Just like every other web-innovation, the inventor of product recommendations in e-commerce remains disputable. However, Amazon absolutely has claim to pioneering their titles such as “Customers Who Bought This Also Bought” and making them an integral part of their own (and practically every) webstore.
That being said, throughout the years, Amazon has not dramatically changed their approach in terms of recommendation web-design. Horizontal and vertical product blocks filled with details like ratings and slashed prices are as easily associated with the ecommerce giant as the Swoosh-logo is to Nike.
Examples of Responsive Design Done Right
Perhaps because of Amazon’s massive influence and the fact it is simple to build a responsive design which collapses horizontal blocks into swipeable single-product elements on mobile devices, many ecommerce websites have adopted the very same design patterns when it comes to recommendations: See examples below from Amazon (not a Nosto client) and Best Buy (also not a Nosto client):
While there are other options, which we will explore through a few examples below, regular horizontal (and vertical) elements are practical and when deployed accordingly, they can massively help visitors to explore the inventory as seen on Alex & Alexa’s product page below (desktop computer). Below that, best sellers on Tucker NYC’s homepage (mobile device) highlight what chic New Yorker ladies are currently shopping and viewing.
Leveraging Nosto’s Flexible Onsite Product Recommendations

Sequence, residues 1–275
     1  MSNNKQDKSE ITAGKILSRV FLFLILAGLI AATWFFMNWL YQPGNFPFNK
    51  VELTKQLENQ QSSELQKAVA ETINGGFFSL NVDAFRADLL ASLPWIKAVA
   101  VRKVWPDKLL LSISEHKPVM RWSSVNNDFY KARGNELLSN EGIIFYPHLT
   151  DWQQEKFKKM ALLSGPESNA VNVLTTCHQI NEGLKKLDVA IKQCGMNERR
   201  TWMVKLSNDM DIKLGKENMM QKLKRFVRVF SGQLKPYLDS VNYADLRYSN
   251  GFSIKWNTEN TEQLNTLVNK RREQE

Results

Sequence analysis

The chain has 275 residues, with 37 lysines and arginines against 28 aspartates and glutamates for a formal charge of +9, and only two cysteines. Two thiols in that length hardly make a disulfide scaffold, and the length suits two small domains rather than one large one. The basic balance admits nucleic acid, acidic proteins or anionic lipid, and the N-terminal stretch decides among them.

To explore the full flexibility of Nosto’s templating system for Onsite Product Recommendations (especially useful for visually compelling fashion brands), we can’t think of a smarter design-example than Finisterre. Thumbing the big product image is required to scroll, which consequently reveals the product name and price as a layer on the image. The same effect is achieved on a desktop by hovering the mouse over the image.
Left: Mobile experience and thumbing effect. Right: Desktop and mouse on-hover
Desktop screen sizes from 11” allow much more creative freedom as seen on Unif and Paper London examples below. Recommendations are structured on a masonry grid, a bit similar to the Pinterest photo cascade. On both, the mouse on-hover action makes the recommendation more inspirational, interactive, and an integral part of the page and browsing experience.
Below: Unif and masonry grid featuring five recommended products
Below: Paper London and similar masonry design with three top products
A key benefit to the masonry grid (especially for fashion retailers) is the possibility to customize landing pages by deploying fully personalized and dynamic recommendations which look like inspirational promotional banners, stretching from one edge of the screen to the other. This uses the power of AI and automatically produces a practically infinite number of landing pages, all recommending the right products to each individual. While conventional design has its time and place, brands sensitive to the negative concept of five-and-dime stores typically prefer a more subtle approach. This is especially true on key landing pages such as the homepage and category pages.
Finally, to demonstrate how Nosto recommendations can be deployed in a niche vertical, Prime Loops, a UK based music store for artists, helps their key customer group of music producers listen to trending samples and beats directly on the homepage by clicking play directly in the recommendation.